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Set Your Expectations
Nailing down a thesis can be the most difficult part of a writing project whether you need it for a historical research paper, an exegetical work, or a sermon.
- Give yourself permission to invest time in the process of creating a thesis that will work for you. Nobody expects you to come up with one right off the top of your head.
- Mull it over. Don't obsess about it, but keep it in the back of your mind as you read and do other things.
Get Started by Developing a Research Question
As you work through your resources, like class notes, readings, and preliminary computer searches, make note of the things that stand out.
- Does something in particular speak to you?
- Do something surprise or irritate you?
- How does the reading compare/contrast with what you already know?
- What is the author’s perspective and emphasis?
Alternative Techniques for Crafting a Research Question
- Talk out an idea with a receptive listener.
- Diagram ideas on paper using bullet points, pictures, multi-colored markers, or anything else that unlocks your thought processes.
- Listen in class for any mention of current questions being debated by scholars in the field
- Reformulate an unresolved question from a classroom discussion into a research project. Informed disagreements are the basis for much good research.
Restate Your Question as a Thesis Statement
Rather than write the thesis as a question, restate it as a sentence. Remember that a scholarly paper differs from a summary; it is an argument. The thesis represents the assertion that the body of the paper will support, i.e. you will prove or disprove your thesis using the evidence gathered through research. Below is one example of restating a question as a thesis:
- Question: “What influence did Germanic tribes have on the kind of Christianity spread throughout northern Europe in the early Medieval period?”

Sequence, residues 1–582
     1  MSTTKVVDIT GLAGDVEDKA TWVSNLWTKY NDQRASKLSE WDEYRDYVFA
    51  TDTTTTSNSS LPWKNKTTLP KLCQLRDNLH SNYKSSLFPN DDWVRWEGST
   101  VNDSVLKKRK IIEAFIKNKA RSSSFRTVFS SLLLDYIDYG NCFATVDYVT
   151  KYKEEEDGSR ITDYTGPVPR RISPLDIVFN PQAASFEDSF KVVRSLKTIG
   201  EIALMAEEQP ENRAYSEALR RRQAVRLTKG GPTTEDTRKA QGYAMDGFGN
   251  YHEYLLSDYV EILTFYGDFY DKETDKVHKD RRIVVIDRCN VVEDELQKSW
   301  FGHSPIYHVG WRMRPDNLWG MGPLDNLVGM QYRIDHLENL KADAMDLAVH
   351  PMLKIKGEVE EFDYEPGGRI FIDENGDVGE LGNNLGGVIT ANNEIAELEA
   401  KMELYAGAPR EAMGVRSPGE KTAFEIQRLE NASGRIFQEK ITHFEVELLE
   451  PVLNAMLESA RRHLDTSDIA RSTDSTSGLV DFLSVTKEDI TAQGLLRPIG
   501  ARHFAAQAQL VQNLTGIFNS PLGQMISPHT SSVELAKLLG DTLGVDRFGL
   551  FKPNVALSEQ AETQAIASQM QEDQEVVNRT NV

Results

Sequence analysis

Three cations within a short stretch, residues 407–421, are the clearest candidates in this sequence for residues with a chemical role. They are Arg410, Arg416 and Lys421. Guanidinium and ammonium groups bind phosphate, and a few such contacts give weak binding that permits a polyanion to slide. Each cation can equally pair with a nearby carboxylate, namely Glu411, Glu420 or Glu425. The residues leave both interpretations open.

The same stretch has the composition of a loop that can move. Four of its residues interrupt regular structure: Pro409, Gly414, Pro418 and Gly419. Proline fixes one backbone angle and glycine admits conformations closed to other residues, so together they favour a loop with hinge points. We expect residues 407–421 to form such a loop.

- Thesis: “The Christianity that spread through northern Europe in the early Medieval period reflected a Germanic tribal influence because of several specific cultural characteristics. These characteristics included . . . ”
Adjust Your Thesis
Refine your thesis to fit the assignment. Like Goldilocks you are striving to ask a question that is neither too big, nor too little, but just right. You want something appropriate for the page limit of your assignment. For example, if you have to come up with twenty pages, consider the following:
- Too broad: "Methodism as a Religion of the Heart"
- Too narrow: "Methodism as a Religion of the Heart in Rural East Anglian Parishes between 1791 and 1792"
- Just right (for most classes): "Methodism as a Religion of the Heart as Reflected in John Wesley's Later Sermons"
Let Your Thesis Evolve as You Research
Once you have a thesis with which to work, do not force your evidence to fit it. Listen to what the evidence tells you and allow your thesis to evolve.
This evolution can provide a nice introduction to your work. It lets you to say that based on what you knew previously, the situation appeared to be one thing, whereas in light of the evidence, it is actually something different. Then introduce your revised thesis statement and you are off to the races.